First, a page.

Category Archives: Microtales

‘Rigoletto’ potpourri: a tale, trivia, and a magical performance

MOT's 'Rigoletto' opened May 14

Editor’s note: All month long, in honor of Verdi’s birthday, we will celebrate all things Verdi on Operatoonity.com. This Golden Operatoonity repost features my favorite Verdi opera “Rigoletto.”

Giuseppe Verdi’s Rigoletto premiered in Venice, Italy in 1851. Based on a story by Victor Hugo, Rigoletto is a darkly tragic, gut-wrenching opera that ends in a senseless death. But at least for one performance at the Royal Opera House in Covent Garden circa 1948, Rigoletto turned into a bit of a comedy:

English tenor Walter Midgley was playing the Duke.  During the aria “Questa o quella,”  a lively, upbeat piece, Midgley caught the end of his fake mustache in his mouth and gradually sucked in the entire thing, which eventually lodged itself in his windpipe. If losing his fake mustache wasn’t enough of distraction, at the end of the aria, Midgley managed to blow it out across the stage, into the orchestra pit, and right into the conductor’s face.

According to Bachtrack, the world’s best way to find live classical music, Rigoletto was one of the ten most performing operas in the world  in 2009-10.

Tenor David Lomeli singing the Duke in COC's 'Rigoletto'

Canadian Opera Company is doing Rigoletto this season with a first-rate cast.

In celebration of Rigoletto’s 160th anniversary, here is a link to “Questa o quella,” sans any extra slapstick comedy, from one of my favorite productions last season, Rigoletto a Mantova, as sung by the ever-appealing Italian tenor  Vittorio Grigolo.

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take me out to the opera–an Operatoonity microtale

Babe Ruth, a legendary baseball player, not known for singing opera

Today, March 20, is the first day of spring, and many people in North America equate spring with baseball. In celebration of America’s favorite spring sport, I found a microtale about both opera and baseball. 

A group of American reporters once asked Caruso what he thought of Babe Ruth. Caruso, who was unfailingly polite and friendly, said that he didn’t know because unfortunately he had never heard her sing. 

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a Callas remark: an Operatoonity microtale

March 6, 1853 Giuseppe Verdi: Premiere of La Traviata, in Venice, Italy.

Maria Callas as Violetta in ‘La Traviata

On the anniversary of the premiere of La Traviata, a microtale about the Verdi opera most frequently produced in North America seemed in order.

Callas recorded La Traviata early on in her singing career, well before her performance at La Scala in collaboration with Italian conductor Carlo Maria Giulini resulted in her designation as the Violetta of the age. She wanted the chance to redo the part as a stereo recording with a stellar cast during a time in which Plácido Domingo was just establishing himself a prominent tenor.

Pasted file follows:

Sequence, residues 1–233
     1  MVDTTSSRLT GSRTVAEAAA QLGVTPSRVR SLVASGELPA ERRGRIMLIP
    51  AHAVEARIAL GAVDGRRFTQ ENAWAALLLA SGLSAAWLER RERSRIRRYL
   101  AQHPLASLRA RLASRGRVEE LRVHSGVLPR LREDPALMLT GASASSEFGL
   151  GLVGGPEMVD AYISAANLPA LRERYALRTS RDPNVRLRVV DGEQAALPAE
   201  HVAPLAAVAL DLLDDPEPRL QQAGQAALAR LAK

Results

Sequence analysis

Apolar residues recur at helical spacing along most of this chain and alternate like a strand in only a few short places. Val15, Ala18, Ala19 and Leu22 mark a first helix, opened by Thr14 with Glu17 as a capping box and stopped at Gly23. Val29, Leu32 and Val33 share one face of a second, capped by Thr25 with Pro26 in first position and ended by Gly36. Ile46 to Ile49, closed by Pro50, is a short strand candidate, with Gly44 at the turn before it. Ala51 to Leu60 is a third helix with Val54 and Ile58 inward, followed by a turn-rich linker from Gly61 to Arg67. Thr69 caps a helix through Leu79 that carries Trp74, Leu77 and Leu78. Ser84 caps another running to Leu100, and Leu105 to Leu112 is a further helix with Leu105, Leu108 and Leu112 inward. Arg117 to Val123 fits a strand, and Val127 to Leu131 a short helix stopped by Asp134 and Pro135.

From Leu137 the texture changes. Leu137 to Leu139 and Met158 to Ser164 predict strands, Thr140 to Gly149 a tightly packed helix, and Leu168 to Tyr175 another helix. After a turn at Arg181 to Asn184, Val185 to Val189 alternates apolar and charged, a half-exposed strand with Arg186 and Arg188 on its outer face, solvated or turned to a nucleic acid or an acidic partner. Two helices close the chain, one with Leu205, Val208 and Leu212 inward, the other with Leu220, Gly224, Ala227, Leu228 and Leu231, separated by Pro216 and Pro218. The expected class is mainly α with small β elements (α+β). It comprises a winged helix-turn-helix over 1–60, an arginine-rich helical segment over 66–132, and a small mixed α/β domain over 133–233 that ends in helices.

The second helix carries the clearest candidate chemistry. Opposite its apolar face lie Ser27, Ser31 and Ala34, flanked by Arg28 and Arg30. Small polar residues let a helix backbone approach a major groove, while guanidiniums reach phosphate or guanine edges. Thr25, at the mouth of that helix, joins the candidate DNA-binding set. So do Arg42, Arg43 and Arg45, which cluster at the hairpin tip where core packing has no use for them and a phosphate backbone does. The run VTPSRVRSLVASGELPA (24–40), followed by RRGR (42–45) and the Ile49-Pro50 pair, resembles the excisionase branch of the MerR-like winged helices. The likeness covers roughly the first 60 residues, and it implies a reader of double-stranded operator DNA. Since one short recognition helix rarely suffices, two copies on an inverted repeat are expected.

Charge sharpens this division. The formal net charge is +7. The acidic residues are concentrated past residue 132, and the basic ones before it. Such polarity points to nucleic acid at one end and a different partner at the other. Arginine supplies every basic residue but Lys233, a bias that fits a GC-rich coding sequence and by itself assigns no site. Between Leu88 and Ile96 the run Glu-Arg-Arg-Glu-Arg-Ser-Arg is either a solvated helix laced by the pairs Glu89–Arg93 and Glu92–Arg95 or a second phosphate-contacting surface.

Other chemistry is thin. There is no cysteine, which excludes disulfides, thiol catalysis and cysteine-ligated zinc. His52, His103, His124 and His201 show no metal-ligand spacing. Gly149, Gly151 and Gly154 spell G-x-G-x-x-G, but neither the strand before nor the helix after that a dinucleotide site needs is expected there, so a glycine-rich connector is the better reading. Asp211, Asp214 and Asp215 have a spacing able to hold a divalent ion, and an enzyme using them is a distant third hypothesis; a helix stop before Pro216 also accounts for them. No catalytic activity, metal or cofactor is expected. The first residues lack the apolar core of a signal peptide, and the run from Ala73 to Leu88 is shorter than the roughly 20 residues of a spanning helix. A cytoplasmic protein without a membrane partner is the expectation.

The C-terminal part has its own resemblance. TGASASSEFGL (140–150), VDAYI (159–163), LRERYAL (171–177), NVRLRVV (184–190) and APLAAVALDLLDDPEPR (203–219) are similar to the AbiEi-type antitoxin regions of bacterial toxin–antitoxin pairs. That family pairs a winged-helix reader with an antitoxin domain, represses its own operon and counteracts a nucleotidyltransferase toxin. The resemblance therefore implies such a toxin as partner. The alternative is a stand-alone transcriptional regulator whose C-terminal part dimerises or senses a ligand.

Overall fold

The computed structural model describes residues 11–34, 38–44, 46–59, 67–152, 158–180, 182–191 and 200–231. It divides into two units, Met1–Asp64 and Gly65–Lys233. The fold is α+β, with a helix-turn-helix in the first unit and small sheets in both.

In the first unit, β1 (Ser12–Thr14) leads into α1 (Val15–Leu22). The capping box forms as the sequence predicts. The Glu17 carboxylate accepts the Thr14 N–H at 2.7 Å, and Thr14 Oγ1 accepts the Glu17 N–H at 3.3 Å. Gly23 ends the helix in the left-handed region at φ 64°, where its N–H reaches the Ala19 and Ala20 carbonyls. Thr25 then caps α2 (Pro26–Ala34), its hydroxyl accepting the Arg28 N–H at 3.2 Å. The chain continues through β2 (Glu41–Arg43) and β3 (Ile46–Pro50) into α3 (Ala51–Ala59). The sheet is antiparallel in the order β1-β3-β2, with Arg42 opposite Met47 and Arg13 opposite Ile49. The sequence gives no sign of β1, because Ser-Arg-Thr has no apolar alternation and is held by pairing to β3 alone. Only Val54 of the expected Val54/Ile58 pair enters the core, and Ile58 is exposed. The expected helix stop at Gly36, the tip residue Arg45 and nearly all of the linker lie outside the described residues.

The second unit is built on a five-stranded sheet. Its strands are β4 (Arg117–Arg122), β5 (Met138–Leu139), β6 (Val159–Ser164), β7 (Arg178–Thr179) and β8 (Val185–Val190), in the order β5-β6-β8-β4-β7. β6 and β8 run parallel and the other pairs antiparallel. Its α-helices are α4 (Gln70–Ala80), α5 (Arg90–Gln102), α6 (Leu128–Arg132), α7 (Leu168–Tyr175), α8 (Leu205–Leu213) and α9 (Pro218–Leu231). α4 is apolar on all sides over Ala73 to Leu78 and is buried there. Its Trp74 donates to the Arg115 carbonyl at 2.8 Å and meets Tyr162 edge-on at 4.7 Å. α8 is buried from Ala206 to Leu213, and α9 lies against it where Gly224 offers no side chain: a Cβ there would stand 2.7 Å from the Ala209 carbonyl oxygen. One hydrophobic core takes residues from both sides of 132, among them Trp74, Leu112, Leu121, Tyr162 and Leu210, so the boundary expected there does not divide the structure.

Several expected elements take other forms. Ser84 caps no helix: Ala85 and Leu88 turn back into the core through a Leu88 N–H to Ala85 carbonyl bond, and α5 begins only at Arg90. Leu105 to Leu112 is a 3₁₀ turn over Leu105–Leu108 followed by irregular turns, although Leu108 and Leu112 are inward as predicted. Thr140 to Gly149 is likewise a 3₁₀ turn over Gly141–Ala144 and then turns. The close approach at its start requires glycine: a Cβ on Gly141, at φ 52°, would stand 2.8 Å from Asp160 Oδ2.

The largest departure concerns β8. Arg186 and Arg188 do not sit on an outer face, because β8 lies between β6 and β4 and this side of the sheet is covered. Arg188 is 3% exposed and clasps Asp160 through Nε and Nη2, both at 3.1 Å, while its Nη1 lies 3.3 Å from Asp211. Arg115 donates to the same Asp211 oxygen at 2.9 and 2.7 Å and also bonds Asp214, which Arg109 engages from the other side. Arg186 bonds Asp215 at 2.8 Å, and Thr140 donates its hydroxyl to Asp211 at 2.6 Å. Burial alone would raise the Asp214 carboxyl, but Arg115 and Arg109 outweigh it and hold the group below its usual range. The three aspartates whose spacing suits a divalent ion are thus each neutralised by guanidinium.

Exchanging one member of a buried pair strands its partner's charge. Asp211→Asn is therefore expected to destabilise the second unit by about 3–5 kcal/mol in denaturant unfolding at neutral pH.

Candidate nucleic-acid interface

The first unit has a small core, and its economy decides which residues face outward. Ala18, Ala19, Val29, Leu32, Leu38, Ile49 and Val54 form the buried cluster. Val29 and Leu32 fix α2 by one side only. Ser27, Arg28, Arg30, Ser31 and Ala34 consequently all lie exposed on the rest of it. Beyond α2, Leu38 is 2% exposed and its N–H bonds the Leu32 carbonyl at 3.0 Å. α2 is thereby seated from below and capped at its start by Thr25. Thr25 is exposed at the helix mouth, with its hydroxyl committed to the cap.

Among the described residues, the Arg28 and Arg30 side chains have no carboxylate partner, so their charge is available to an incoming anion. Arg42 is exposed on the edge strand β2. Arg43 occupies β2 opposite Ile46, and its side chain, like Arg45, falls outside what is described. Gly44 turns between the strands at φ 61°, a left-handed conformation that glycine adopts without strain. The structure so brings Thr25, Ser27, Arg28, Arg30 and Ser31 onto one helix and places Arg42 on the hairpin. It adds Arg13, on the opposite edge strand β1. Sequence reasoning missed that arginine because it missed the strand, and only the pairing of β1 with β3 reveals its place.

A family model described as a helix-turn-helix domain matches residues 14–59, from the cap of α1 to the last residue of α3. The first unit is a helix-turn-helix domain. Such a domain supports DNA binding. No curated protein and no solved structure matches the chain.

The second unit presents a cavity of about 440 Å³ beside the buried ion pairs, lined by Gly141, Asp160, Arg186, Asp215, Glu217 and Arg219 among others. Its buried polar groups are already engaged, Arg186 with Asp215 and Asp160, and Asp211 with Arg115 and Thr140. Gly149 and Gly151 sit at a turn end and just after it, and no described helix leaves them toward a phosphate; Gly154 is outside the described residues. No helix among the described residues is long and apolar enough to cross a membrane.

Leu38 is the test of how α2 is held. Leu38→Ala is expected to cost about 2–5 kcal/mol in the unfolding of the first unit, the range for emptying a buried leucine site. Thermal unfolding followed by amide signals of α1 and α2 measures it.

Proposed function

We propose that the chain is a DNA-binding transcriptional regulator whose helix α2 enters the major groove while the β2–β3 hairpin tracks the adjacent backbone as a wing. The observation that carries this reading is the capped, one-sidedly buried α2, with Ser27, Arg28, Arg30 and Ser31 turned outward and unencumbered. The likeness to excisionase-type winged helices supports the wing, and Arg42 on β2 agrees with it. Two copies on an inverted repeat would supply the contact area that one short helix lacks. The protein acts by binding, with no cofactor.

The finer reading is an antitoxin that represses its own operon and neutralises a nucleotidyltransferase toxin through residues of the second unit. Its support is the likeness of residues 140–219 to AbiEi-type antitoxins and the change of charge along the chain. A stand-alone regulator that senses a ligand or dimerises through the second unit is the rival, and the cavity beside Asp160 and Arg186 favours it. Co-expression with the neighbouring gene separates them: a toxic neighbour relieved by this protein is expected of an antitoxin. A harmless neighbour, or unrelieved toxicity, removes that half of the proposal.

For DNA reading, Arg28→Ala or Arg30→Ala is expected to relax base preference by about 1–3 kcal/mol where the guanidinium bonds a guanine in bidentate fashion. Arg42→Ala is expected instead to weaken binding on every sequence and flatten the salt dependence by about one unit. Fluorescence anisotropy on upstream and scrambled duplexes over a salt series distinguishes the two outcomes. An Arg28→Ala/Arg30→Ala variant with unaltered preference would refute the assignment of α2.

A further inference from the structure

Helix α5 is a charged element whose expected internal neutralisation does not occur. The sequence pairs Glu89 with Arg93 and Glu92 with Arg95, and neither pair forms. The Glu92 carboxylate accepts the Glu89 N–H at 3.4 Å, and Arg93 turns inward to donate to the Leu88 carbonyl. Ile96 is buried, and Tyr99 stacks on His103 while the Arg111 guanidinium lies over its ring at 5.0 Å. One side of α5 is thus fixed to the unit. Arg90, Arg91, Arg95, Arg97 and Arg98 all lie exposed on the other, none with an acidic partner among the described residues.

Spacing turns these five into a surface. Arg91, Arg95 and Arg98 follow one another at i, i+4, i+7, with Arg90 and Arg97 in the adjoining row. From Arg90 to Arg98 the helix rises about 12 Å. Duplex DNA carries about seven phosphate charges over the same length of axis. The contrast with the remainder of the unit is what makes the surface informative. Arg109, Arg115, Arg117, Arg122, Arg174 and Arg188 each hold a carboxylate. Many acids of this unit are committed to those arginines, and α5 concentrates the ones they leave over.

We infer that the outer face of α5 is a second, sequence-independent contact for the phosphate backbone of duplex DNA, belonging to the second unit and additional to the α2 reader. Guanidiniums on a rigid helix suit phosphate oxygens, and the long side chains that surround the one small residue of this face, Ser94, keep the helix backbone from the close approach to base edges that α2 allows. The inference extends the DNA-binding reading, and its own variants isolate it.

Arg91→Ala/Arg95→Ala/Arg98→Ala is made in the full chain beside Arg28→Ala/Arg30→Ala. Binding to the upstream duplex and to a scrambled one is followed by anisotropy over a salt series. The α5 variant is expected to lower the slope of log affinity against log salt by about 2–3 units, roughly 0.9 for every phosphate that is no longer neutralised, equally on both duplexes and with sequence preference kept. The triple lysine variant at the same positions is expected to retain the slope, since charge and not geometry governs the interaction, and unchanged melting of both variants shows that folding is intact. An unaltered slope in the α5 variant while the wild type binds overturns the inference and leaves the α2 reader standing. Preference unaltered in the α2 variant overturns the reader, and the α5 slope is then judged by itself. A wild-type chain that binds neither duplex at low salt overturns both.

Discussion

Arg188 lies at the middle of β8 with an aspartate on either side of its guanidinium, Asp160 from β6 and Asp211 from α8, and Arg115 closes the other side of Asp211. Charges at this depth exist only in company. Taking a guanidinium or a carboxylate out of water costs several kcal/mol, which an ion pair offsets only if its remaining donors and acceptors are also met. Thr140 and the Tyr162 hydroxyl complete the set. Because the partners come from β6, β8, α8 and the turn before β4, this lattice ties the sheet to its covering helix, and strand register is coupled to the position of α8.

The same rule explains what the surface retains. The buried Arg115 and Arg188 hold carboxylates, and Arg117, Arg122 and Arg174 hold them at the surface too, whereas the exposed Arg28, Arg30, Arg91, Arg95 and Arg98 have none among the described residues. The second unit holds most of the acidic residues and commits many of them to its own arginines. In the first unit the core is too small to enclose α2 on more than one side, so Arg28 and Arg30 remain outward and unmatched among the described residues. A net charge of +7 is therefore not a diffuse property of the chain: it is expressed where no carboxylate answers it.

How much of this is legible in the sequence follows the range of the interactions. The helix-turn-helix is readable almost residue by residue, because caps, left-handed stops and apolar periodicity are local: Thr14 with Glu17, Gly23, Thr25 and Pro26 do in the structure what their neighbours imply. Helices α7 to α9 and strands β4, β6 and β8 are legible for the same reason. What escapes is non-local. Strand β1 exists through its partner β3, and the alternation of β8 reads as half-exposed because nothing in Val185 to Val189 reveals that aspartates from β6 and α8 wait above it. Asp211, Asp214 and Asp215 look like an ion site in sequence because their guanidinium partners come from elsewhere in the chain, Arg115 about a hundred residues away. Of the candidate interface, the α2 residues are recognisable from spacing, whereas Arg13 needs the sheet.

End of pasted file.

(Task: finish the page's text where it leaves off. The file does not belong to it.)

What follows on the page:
After Callas and Domingo were introduced, allegedly Callas said that she was losing interest in performing on stage because there were no satisfactory conductors, directors, or singers.

“Thank you, Maria,” Domingo said–laughing.

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a legendary bass calls them as he hears them . . . a microtale

Chaliapin's grave in St. Petersburg, Russia

The mostly self-taught Russian bass Feodor Chaliapin (1873–1938) was a giant of a man with allegedly a giant-sized ego to match. If he didn’t like a conductor’s tempo, he would simply begin commanding the orchestra during a rehearsal or a  performance, stamping out the tempo he wanted and, on occasion, leading the musicians himself. 

Once, while rehearsing Mozart and Salieri, Chaliapin tried to trump the conductor’s rhythm, pounding out his preferred tempo with his very large feet. 

The maestro stopped the music and said, “You must remember that I am the conductor.” 

To which Chaliapin replied, “In a garden where there are no birds, a croaking toad is a nightengale.” 

Song of the Volga Boatmen” by Feodor Chaliapin 

   

*adapted from Opera Anecdotes by Ethan Mordden

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Mozart no word mincer in this microtale

Mozart monument in Vienna

 

Spanish composer of opera buffa Vincente Martin y Soler (once dubbed the Valencian Mozart) was the  most popular composer during the time that Mozart lived in Vienna.  About Martin, Mozart said, “Many of his things are pretty, but in ten years’ time, no one will pay any more attention to him.”  

As it turned out, this was not entirely true, for one of Martin’s melodies from the opera Una Cosa Rara is one of the most frequently heard tunes in opera today–because Mozart used it in the banquet scene of Don Giovanni.   

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